3. Brahmacharya–sublimation of sexual energy. This not only refers to sex itself but also to lust. Wanting something so badly that it consumes our thoughts and drives our behavior will not lead to a calm mind.
4. Asteya–non-stealing, lack of jealousy. This means we are not to be distracted by what we don’t have. Covetousness only leads to impure thoughts and discontent. Being “non-stealing” means that if we want something it must come from pure motive and hard work.
5. Aparigraha–non accepting of gifts or bribes. This has to do with our motives. Motives must be pure–if I am only acting to recieve some reward in return it is not pure and will hind my mind. This includes self-bribery–“if I eat healthy all week I will buy myself some new shoes.”
The Yamas/restraints are the first step to purifying our minds and transforming ourselves through the practice of yoga. I feel it is important to remember that it is a process and we must patiently transform from the inside out. With a clear conscience and pure thoughts we will begin the pathway to peace. Practicing the yamas will help anyone enjoy a better lifestyle whether or not they choose to continue further the practice of yoga.
I’ve been living separate lives.
Within my yoga practice, there exists a harmonic sanctuary where I am blissfully content and aware of Yamas. In the room, practicing with others or on my own, I am awarded the peaceful mind that is congruent with the principles of Ahimsa, Asteya, Sattya, Brahmacarya and Aparigraha. On the mat I can become focused and controlled in these disciplines, bringing my mind and breath and body together in focus. The challenge of social discipline rarely affects me in the company of fellow yogis and yoginis.
But then I step outside, onto the pavement of the real world, where instantly I begin to check my work email, attempt to cross the road, compete to hail a taxi and negotiate how to plan my time to best accomplish the challenges of that week. Stepping in puddles, getting upset with my taxi driver for taking the long way home, feeling annoyed at the external pressures of life, it’s almost an immediate undoing of all the Yamas I have just practiced. I am reminded that everything is a measure of productivity and results. And once again, I’m critical and judgmental, struggling to find the social discipline the Yamas provide.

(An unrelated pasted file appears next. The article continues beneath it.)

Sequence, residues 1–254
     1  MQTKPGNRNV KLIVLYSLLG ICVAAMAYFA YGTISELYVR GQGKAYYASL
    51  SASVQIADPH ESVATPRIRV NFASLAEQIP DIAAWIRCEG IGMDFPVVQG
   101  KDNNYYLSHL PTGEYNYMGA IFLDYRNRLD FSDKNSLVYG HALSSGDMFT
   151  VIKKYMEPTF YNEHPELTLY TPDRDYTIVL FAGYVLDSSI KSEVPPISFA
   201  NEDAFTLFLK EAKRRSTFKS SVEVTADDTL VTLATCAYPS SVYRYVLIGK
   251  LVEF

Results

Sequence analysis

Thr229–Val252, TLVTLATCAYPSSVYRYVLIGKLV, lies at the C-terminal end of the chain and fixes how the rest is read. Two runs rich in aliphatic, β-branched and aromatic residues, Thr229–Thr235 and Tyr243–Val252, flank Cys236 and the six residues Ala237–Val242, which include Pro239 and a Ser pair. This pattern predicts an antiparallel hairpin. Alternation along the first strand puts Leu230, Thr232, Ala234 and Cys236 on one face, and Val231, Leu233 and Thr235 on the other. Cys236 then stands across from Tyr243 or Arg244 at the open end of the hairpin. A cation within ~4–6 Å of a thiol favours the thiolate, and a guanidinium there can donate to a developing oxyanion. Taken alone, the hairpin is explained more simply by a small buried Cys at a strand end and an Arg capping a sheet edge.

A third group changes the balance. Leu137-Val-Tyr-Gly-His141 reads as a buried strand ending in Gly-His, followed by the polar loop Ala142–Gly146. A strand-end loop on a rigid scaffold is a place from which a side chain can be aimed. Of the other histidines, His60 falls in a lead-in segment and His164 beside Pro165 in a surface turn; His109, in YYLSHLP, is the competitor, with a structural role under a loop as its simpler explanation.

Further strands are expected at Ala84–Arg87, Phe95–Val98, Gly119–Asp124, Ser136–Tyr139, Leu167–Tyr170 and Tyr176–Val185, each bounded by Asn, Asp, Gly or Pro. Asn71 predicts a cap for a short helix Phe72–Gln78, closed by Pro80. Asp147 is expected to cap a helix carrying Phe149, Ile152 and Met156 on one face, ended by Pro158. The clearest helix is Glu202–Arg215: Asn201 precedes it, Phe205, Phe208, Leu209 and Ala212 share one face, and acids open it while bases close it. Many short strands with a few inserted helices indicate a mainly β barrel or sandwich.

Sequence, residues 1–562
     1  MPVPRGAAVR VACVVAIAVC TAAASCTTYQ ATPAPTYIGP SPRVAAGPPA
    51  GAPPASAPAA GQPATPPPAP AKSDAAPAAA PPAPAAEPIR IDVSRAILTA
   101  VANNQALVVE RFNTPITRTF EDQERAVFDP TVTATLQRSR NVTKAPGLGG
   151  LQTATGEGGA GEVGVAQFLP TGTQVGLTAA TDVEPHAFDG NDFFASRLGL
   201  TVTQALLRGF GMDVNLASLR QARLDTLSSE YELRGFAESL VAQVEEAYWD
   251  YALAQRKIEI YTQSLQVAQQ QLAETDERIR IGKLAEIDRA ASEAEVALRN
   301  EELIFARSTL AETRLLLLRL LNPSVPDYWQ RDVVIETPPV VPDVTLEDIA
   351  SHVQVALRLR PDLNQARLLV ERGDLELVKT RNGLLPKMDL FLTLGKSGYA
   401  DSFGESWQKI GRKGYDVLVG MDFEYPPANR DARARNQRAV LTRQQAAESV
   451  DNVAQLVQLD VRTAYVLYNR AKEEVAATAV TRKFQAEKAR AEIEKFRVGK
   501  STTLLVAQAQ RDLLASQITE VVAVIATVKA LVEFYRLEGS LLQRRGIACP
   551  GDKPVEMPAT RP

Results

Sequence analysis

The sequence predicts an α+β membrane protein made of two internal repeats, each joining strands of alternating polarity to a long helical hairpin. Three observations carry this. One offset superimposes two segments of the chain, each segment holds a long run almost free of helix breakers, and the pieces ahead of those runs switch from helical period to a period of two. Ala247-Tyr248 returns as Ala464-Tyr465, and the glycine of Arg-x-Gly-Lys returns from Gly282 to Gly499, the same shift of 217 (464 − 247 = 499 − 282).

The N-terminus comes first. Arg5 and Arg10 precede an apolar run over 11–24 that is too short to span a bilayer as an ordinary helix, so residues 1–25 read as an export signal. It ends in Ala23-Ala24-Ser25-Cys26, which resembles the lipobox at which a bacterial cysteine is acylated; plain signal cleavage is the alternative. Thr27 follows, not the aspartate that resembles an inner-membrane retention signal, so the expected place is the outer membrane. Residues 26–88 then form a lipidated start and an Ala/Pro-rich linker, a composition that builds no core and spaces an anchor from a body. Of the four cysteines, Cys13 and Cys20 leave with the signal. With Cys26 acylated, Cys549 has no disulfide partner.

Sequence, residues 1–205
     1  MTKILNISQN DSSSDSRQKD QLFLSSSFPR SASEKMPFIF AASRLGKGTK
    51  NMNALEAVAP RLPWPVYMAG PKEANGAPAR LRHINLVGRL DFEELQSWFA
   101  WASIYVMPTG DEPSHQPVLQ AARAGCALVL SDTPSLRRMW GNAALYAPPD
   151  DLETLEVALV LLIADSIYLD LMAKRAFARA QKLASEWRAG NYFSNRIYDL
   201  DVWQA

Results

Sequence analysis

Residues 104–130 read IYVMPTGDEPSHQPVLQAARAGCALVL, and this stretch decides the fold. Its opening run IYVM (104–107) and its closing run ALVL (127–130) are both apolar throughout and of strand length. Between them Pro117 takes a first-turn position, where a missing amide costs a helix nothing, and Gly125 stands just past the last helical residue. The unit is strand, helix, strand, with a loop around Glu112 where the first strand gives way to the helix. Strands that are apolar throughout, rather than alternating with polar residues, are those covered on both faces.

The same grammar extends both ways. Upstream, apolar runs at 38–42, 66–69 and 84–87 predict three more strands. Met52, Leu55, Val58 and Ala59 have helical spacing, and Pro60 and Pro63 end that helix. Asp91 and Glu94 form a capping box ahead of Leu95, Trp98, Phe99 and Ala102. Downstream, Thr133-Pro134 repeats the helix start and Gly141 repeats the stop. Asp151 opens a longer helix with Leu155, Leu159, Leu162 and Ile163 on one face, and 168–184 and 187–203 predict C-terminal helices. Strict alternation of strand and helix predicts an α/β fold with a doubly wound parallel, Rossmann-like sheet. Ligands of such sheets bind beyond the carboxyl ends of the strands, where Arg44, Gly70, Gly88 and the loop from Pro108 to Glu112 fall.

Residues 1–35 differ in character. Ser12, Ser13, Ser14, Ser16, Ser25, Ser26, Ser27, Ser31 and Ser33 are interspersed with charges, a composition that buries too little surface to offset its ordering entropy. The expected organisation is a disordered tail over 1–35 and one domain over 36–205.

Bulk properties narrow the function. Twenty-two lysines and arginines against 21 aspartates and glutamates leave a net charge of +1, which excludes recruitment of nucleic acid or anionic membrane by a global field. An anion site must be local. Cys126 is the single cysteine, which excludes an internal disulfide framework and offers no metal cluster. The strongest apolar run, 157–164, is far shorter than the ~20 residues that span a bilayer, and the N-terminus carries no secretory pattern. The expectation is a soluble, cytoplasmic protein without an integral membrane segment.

A rough definition of “yoga” is “union”, yet here I am, a splintered person, confining my Yama practice to a room of like-minded individuals, on a safely-harbored yoga mat. How have I become a Yama practitioner for merely an hour or so per day? It’s such a convenient life, but also a very unbalanced one.
In a rushed city such as Singapore, which is undergoing such rapid change and improvement, it’s easy to ignore the Yamas. In Aparigraha, or the principle of not coveting things that aren’t essential to one’s life, we face the challenge of walking a fine line between greed and profit making. Another example is Ahimsa; we are instructed to not harm others, but really, isn’t the practice of losing patience with others a form of harming them? And by ignoring the Yamas, we are essentially betraying Sattya, or truthfulness, because we are being totally inconsistent with ourselves. These are just a few of the Yamas, but you kinda get my drift here. It’s not easy following the social discipline prescribed to us in the Yamas.
Admittedly, it’s an everyday challenge to live the Yamas outside of the yoga studio. The pursuit of joining these “separate lives” together in balance will continue to baffle me. However, now equipped with the knowledge of the Yamas, I have a better chance in consummating my separate lives. Talk to me in a few months. Maybe you’ll see a certain sparkle in my eye that’ll secretly tell you my double life is over.
Stay bendy everyone.